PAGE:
Grip’s physics engine also allows for some rather flashy action when pulling off the starting grid. Metal doesn’t exactly grind against metal here. At velocity, things get a bit more pinball wizard. Collisions with fellow competitors and protruding terrain regularly send man and machine flying through the air. Coupled with appropriately skittish behavior on snowy surfaces, this makes for some chaotic crashes and various levels of distress when cars flip off into the atmosphere. On more even surfaces, a plentiful application of downforce allows all of Grip’s cars to drive in more than one orientation. Walls are simply no obstacle as many tracks wind up the vertical plane and around obstacles. Up quickly becomes a relative concept, allowing more experienced drivers to appreciate the routes that twist their way through open air taunting the open chasms ready to swallow up anybody too slow to keep up.
Of course, different cars handle the variable conditions better than others and with 9 readily available vehicles, there are enough choices to accommodate most types of racer. While Grip’s aesthetic paints every car as a cross between a monster truck and a rocket-propelled tank a variety of tops speeds, acceleration, and grip that make each one feel unique. Despite the rather dull default paint job, creating a distinct look for your own death trap is possible too. Grip includes an extremely well-developed customization system that, even from the first time you log in, can carve out an unreasonable amount of time. Paint color, decals, tires, and trims can all be modified before you take to the track for the first time. This customization parks itself quite nicely into Grip’s progression system. Competing in events rewards players with XP based on their performance, unlocking a whole host of new options as you crawl up the leaderboard. It’s not a particularly innovative system but it does work without any problem.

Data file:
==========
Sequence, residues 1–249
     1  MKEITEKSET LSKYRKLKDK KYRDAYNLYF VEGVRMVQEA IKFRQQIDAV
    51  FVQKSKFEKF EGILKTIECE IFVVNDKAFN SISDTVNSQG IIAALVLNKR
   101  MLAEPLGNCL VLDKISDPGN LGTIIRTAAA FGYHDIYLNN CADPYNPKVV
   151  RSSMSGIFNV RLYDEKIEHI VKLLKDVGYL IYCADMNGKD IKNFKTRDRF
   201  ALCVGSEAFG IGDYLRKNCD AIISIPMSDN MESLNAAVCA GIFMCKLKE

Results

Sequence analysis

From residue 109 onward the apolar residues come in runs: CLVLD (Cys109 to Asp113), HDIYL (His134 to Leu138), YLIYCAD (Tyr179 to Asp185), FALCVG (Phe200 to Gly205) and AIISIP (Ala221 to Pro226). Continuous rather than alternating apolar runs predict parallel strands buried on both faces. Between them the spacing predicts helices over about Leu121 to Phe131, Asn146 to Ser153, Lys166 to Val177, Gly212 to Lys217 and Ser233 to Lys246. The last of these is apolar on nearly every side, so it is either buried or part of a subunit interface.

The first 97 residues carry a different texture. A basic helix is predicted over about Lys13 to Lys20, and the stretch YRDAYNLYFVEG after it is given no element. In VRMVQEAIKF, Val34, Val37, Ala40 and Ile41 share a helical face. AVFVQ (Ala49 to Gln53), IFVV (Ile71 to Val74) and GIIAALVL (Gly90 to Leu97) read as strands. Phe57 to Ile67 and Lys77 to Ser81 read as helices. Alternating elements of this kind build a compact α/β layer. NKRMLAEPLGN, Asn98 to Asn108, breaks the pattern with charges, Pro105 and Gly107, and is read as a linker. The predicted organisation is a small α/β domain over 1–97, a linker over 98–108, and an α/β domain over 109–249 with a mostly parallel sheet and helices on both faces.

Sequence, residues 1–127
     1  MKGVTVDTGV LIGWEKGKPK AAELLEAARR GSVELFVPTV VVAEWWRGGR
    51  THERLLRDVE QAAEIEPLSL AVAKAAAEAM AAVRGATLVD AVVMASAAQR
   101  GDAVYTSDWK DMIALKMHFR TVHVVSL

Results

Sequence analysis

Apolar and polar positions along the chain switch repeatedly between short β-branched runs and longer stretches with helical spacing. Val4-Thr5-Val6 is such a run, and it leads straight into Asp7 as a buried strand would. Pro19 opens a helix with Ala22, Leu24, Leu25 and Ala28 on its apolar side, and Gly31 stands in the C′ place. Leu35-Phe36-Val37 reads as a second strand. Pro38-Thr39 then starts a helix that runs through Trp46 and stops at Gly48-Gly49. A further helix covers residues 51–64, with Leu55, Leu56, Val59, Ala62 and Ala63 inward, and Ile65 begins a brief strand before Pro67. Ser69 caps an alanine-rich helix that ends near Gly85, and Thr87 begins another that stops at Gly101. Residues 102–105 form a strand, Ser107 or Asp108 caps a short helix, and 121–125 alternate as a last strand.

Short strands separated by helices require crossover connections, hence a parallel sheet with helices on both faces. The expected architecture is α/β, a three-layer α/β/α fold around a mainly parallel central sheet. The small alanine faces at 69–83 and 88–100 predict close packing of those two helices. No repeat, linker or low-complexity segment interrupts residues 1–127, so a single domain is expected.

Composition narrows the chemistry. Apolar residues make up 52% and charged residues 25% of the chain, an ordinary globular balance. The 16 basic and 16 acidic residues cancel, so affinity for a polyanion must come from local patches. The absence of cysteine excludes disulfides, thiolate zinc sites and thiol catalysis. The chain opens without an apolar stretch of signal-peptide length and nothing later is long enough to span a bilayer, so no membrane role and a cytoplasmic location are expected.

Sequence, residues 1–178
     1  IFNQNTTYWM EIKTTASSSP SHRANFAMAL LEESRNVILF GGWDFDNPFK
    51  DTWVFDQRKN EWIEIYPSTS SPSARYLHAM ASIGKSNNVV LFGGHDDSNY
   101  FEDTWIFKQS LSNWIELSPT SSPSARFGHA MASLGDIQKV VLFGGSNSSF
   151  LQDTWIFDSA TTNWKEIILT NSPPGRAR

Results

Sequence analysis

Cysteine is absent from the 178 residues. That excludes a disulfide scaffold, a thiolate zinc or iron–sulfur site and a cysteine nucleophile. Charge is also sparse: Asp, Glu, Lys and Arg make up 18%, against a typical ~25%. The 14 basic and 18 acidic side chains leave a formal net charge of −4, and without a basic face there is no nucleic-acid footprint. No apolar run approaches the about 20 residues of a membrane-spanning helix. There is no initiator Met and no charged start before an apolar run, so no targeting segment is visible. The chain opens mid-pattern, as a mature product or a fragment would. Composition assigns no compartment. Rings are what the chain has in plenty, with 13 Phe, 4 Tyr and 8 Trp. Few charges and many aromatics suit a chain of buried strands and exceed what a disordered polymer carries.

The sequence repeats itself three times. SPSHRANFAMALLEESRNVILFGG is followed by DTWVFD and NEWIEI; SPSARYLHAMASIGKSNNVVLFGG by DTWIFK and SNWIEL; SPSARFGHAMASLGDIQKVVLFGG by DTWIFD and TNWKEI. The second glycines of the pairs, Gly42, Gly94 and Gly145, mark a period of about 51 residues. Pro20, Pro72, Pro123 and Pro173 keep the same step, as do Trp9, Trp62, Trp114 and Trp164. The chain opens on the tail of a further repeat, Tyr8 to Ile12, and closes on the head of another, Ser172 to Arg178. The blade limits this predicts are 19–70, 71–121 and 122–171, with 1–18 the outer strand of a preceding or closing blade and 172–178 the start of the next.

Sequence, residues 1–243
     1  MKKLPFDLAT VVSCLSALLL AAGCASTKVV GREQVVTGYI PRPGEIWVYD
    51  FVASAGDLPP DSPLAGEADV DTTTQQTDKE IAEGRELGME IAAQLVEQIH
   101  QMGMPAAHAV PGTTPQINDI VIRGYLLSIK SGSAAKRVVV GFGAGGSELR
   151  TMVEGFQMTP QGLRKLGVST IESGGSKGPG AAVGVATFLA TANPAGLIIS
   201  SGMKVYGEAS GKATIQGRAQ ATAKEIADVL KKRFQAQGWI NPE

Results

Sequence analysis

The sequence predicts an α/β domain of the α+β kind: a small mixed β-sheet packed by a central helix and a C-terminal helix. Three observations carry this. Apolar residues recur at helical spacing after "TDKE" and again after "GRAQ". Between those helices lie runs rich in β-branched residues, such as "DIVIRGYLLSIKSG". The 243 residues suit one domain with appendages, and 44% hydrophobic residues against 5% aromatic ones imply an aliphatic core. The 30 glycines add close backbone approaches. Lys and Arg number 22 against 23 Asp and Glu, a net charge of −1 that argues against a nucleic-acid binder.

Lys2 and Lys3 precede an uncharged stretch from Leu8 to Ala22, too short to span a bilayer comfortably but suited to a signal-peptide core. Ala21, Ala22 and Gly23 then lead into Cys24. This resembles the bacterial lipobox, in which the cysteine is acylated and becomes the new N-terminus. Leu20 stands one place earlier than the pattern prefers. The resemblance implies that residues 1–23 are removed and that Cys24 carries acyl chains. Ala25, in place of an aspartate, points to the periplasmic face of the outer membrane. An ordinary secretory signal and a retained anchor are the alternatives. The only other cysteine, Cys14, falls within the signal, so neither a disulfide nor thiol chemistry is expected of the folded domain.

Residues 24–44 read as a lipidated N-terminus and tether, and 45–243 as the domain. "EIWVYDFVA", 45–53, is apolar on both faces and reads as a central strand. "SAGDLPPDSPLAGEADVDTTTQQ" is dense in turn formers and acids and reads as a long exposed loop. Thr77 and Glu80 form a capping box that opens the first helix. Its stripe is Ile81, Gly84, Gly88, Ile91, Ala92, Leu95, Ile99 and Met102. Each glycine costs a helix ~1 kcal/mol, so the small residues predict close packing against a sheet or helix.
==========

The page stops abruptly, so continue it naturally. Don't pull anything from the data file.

While the look and feel of Grip is absolutely spot on for long-term fans of the Rollcage series, something is missing. Where the team at Caged Element has evolved this classic, they seem to have somehow skipped past a core component of this genre. The blistering soundtrack that tends to accompany these gas guzzling games is suspiciously subdued. The range of electronic beats from artists like Full Kontakt is not bad by any stretch, but the soundtrack felt fairly peripheral when compared to the very definite demand that something like The Chemical Brother’s Chemical Beats makes in Wipeout, simply demanding attention as players are dragged through an intense battle to the top.
Unfortunately, Grip’s accompaniments feel lackluster when compared to the obvious comparisons. Caged Element does allow players to add their own jukebox n a nod to old-school CD swapping and it does help mitigate this somewhat.
My minor niggles with the soundtrack aside, Grip is a good game but it still requires a bit of polish. Far too much of my own race season was spent waiting for crash dumps, or simply sitting atop a mountain. More often than not, an inability to complete an assigned race was not due to my own ineptitude or my decaffeinated reaction times. Across a number of test rigs, I found that I was part of the wrong type of crash. While this might be a personal experience, it remained consistent enough to mention here.
Despite these niggles, Caged Element has managed a great update of the classic Rollcage experience. While some of the of challenge mode are derivate, it’s how Caged Element handles them that makes Grip stand out. Some interesting track designs, well-balanced combat, and an inventive use of the game’s physics engine make for a game that had me strapped in for the ride. The only direction that really matters is forward when racing in the future and if you fancy getting to grips with this combat racer, you can find out more on the game’s official website.